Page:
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QUESTION: In postmenopausal women, what are the risks and benefits of oestrogen plus progestin use, particularly with respect to coronary heart disease (CHD) events?
Randomised (allocation concealed), blinded (clinicians, participants, data collectors, outcome assessors, and monitoring committee), placebo controlled trial with a mean 5.2 years of follow up.
40 US clinical centres.
16 608 postmenopausal women who were 50–79 years of age (mean age 63.3 y) with an intact uterus at baseline. Exclusion criteria included medical conditions associated with probable survival of <3 years, previous breast cancer or other cancer in the past 10 years (except non-melanoma skin cancer), low hematocrit or platelet counts, and adherence and retention concerns (eg, alcoholism and dementia). Follow up was 96.5%.
Women were allocated to 1 daily tablet of conjugated equine oestrogen, 0.625 mg, and medroxyprogesterone acetate, 2.5 mg (Prempro, Wyeth Ayerst, Philadelphia, PA, USA) (n=8506), or placebo (n=8102).
Main outcome measures
The primary outcomes were CHD (non-fatal myocardial infarction [MI] or CHD death) and invasive breast cancer. Other outcomes included stroke, venous thromboembolism (VTE) (deep venous thrombosis and pulmonary embolism [PE]), colorectal cancer, fractures, and death from other causes.
Analysis was by intention to treat. Because of early increases in breast cancer, follow up was stopped at a mean of 5.2 years instead of the expected 8.5 years. Women who received oestrogen plus progestin had a greater incidence of total cardiovascular disease than women who received placebo, including CHD (mainly non-fatal MI), stroke, and VTE (table). Invasive breast cancer was increased to a nearly statistically significant extent (table). Colorectal cancer and fractures were reduced (table). Groups did not differ for mortality.
In postmenopausal women, oestrogen plus progestin increased risk of cardiovascular disease, particularly coronary heart disease events.
Hormone replacement therapy (HRT) has been a controversial topic for patients and clinicians for decades. Unfortunately, the recently published results of the Women’s Health Initiative (WHI) have served to further confound this perplexing issue. Product package inserts reveal that HRT is indicated for relief of menopausal symptoms and prevention of osteoporosis only. Despite these clear indications, long term use of HRT for prevention of chronic conditions such as heart disease has grown increasingly popular in many industrialised nations over the past half century. Indeed, the mean age of women in this study at baseline was 63.3 years. The results of the WHI confirm that long term treatment with combination HRT to prevent CHD is not appropriate.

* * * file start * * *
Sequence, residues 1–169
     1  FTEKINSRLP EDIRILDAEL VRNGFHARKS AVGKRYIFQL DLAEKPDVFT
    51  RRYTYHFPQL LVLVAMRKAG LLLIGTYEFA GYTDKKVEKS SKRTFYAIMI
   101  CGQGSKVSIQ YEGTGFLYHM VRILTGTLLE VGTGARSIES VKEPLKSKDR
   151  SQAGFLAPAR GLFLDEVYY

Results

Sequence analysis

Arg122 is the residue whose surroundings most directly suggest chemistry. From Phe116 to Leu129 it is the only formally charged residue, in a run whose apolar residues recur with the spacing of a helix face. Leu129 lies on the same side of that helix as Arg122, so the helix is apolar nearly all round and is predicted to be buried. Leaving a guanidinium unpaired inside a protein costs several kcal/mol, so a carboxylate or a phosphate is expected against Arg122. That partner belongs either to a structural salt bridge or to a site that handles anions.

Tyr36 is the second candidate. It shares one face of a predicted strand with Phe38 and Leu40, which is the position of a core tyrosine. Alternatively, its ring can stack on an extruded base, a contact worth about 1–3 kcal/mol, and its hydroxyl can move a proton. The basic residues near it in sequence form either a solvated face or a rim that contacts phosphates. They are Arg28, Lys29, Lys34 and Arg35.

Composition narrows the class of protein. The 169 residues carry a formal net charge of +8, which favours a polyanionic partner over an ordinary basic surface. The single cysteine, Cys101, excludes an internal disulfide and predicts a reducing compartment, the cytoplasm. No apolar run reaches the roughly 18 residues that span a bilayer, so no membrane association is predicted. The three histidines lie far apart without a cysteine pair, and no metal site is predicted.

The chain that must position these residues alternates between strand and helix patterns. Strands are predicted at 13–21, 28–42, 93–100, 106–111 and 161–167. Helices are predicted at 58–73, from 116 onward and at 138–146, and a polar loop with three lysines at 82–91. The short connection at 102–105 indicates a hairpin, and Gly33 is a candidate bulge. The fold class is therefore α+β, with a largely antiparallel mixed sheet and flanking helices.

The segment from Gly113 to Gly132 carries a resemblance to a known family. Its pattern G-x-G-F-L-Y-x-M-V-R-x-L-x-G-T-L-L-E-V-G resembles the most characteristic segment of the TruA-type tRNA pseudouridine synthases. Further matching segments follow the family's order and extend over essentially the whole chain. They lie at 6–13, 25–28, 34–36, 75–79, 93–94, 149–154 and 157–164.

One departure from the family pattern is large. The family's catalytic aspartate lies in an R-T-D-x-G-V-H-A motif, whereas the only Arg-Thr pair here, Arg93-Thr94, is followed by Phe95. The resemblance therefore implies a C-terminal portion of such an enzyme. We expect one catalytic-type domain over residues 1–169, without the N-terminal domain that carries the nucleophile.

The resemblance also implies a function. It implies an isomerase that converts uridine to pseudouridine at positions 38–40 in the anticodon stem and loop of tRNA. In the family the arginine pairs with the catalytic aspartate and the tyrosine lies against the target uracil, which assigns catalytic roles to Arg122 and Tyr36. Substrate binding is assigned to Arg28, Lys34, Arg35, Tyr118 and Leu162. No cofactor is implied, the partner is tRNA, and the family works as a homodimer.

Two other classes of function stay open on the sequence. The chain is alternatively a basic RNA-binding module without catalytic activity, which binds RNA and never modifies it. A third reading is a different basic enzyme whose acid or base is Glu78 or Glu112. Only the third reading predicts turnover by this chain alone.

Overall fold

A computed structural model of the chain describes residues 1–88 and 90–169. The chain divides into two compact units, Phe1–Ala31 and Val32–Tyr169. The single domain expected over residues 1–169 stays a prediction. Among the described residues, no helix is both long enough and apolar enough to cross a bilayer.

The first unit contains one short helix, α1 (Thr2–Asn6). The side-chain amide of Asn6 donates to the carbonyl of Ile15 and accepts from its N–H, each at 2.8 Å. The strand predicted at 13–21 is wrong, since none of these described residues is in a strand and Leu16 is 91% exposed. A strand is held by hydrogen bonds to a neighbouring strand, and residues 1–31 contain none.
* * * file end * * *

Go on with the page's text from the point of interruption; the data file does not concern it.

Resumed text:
The WHI is the first randomised primary prevention trial in postmenopausal women. It is a large trial with an ethnically diverse sample. The portion of the study that compared oestrogen plus progestin with placebo was the only arm terminated early because of an increase in adverse events. The oestrogen only arm of the study in women with hysterectomies was not discontinued, and we can assume that to date, oestrogen alone for these women may be safer than combination HRT.
The results of the WHI have mirrored previous studies regarding the increased risk of combination HRT in breast cancer incidence1 and increased cardiovascular events in the first year.2,3 The absolute risk of harm to an individual woman is small. For every 10 000 women taking combination HRT for 1 year, there will be 7 more CHD events, 8 more invasive breast cancers, 8 more strokes, and 8 more pulmonary emboli, but 6 fewer colorectal cancers and 5 fewer hip fractures. Clinicians caring for perimenopausal and postmenopausal women must be able to summarise these results accurately for patients and together determine whether combination HRT should be used for short term relief of menopausal symptoms.
For correspondence: Dr J E Rossouw, Division of Women’s Health Initiative, National Heart, Lung, and Blood Institute, Bethesda, MD, USA.
A modified version of this abstract appears in ACP Journal Club and Evidence-Based Medicine.
Sources of funding: National Heart, Lung and Blood Institute and Wyeth-Ayerst Research.
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